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Rice & Riches - Butternut Squash Risotto with Saffron

Rome: So much to see, so much to EAT! This risotto dish was featured as an appetizer at a formal dinner in the spectacular Casina Valadier. Only a dish this exceptional could compete with the magnificence of the surroundings.

Butternut Squash Risotto with Saffron


1 Butternut Squash (2 Pounds)
2 Tbsp Olive Oil
Kosher Salt and Freshly Ground Black Pepper
6 Cups Chicken Stock, Preferably Homemade
6 Tablespoons (3/4 Stick) Unsalted Butter
2 Ounces Pancetta, Diced
1/2 Cup Minced Shallots (2 Large)
1 1/2 Cups Arborio Rice (10 Ounces)
1/2 Cup Dry White Wine
1 Tsp Saffron Threads
1 Cup Freshly Grated Parmesan Cheese


  1. Preheat the oven to 400 degrees
  2. Peel the butternut squash, remove the seeds, and cut it into 3/4-inch cubes. You should have about 6 cups. Place the squash on a sheet pan and toss it with the olive oil, 1 teaspoon salt, and 1/2 teaspoon pepper. Roast for 25 to 30 minutes, tossing once, until very tender. Set aside.
  3. Meanwhile, heat the chicken stock in a small covered saucepan. Leave it on low heat to simmer.
  4. In a heavy-bottomed pot or Dutch oven, melt the butter and sauté the pancetta and shallots on medium-low heat for 10 minutes, until the shallots are translucent but not browned. Add the rice and stir to coat the grains with butter. Add the wine and cook for 2 minutes. Add 2 full ladles of stock to the rice plus the saffron, 1 teaspoon salt, and 1/2 teaspoon pepper. Stir, and simmer until the stock is absorbed, 5 to 10 minutes. Continue to add the stock, 2 ladles at a time, stirring every few minutes. Each time, cook until the mixture seems a little dry, then add more stock. Continue until the rice is cooked through, but still al dente, about 30 minutes total. Off the heat, add the roasted squash cubes and Parmesan cheese. Mix well and serve.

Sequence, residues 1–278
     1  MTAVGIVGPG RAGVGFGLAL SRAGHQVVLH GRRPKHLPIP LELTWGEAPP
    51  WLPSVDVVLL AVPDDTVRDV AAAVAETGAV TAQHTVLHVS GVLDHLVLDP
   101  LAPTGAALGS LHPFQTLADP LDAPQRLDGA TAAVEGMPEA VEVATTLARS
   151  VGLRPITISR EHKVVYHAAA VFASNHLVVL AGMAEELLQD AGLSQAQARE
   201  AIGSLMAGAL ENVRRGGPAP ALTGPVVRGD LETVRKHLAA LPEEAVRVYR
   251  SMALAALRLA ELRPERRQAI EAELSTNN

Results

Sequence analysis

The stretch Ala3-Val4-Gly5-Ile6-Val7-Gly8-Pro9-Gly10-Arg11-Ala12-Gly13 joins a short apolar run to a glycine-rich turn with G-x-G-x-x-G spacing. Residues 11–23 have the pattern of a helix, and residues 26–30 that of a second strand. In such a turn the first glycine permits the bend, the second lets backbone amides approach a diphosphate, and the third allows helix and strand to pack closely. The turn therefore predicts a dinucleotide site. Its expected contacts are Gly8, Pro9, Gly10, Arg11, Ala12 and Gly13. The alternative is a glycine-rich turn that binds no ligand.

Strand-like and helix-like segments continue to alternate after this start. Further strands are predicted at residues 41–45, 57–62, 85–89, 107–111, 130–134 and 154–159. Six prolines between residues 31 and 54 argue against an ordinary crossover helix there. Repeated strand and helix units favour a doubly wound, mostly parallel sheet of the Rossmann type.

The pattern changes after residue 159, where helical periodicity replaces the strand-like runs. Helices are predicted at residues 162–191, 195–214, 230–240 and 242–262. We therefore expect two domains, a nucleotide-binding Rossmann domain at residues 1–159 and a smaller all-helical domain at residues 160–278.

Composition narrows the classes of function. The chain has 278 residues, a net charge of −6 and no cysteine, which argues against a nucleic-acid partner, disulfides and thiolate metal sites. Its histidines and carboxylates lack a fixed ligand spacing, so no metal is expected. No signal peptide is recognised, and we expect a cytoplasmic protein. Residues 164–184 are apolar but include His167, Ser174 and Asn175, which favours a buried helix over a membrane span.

[ultimate_modal modal_title=” STRATEGIC TIP:” btn_bg_color=”#211551″ btn_txt_color=”#d6a461″ btn_text=”STRATEGIC TIP” modal_style=”overlay-simplegenie” overlay_bg_color=”#211551″ content_bg_color=”#d6a461″ content_text_color=”#211551″ header_bg_color=”#211551″ header_text_color=”#d6a461″ modal_border_style=”dotted” modal_border_width=”1″ modal_border_color=”#d6a461″ modal_border_radius=”12″]Saffron is known as “red gold.” Saffron is the three-pronged dried stigmas of the saffron flower, these dark red-orange threads must be picked by hand from each flower. It has an aroma and flavor that hovers between floral and bitter citrus with metallic undertones. More than 75,000 of these flowers are needed to produce just one pound (0,44 kg) of Saffron filaments, 40 hours of labor are needed to pick 150,000 flowers! The retail price of saffron is approx. US$ 1,000/pound. The intensity of the color is usually the first and most accurate “give-away” to know a good quality saffron. Buy buying a lesser quality you will have to use twice the amount and that can sometimes increase the risks of your dish tasting bitter. Saffron is best when fresh and does not improve with age. Be sure to check the best used by dates![/ultimate_modal]
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